In the meantime, most employers have been scrambling over the past several months to review employees’ exempt status and comply with the increased minimum salary threshold that was set to take effect December 1, 2016. Because that date falls in the middle of a typical payroll period, and due to the Thanksgiving holiday this week, many employers already implemented changes, either by increasing salaries or switching employees from exempt to non-exempt status. Trying to undo those changes may prove difficult, particularly if it means reducing the salary of employees who received raises to bring them up to the minimum salary threshold. It should be less difficult to switch back to exempt status those employees who were moved to non-exempt status merely because they did not hit the required minimum salary threshold. However, employers thinking about doing so should proceed with caution and make sure that those employees are actually performing exempt duties. Moreover, as noted above, undoing any changes now might be risky if the Final Rule ultimately survives legal challenge and the Department enforces the Final Rule as if it took effective December 1, 2016.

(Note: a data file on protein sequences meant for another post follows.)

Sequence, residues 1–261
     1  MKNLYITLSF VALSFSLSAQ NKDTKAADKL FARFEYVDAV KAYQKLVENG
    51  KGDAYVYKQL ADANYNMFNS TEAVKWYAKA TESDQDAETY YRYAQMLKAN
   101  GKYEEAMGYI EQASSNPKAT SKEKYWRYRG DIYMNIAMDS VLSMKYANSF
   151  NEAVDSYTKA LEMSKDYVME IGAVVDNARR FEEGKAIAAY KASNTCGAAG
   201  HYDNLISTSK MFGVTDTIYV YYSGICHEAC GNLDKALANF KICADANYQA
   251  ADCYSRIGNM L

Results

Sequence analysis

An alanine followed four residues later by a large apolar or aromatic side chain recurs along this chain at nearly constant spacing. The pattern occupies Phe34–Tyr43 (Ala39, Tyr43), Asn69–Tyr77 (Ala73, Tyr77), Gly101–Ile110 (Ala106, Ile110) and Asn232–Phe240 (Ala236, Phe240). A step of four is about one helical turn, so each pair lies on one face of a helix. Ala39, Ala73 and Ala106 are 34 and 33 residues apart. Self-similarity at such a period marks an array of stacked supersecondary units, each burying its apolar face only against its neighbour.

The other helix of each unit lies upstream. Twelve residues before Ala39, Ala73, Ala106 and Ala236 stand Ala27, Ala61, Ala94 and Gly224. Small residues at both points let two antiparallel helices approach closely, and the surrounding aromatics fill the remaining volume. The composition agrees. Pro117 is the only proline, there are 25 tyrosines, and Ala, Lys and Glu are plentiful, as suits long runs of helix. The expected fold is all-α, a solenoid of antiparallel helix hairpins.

New York’s Proposal to Increase the Salary for Exempt Executive and Administrative Employees is Still in Play

Although employers will not have to comply with the Final Rule on December 1, 2016, employers in New York State must still keep abreast of developments at the State level. New York State has wage and hour regulations that go beyond the FLSA’s requirements. For example, until the significant increase in the FLSA minimum salaries reflected in the Final Rule, New York’s minimum salary thresholds for executive and administrative employees have long been higher than the FLSA minimum salaries. The New York State Department of Labor (NYSDOL) recently announced a proposal to increase those minimum salary thresholds, but because the changes called for in the proposal were less than would have been required under the Final Rule, the proposal did not garner much attention. However, if the New York proposal is implemented, New York’s minimum salary threshold, which is currently $675 per week, will rise even further above the current federal threshold of $455 per week.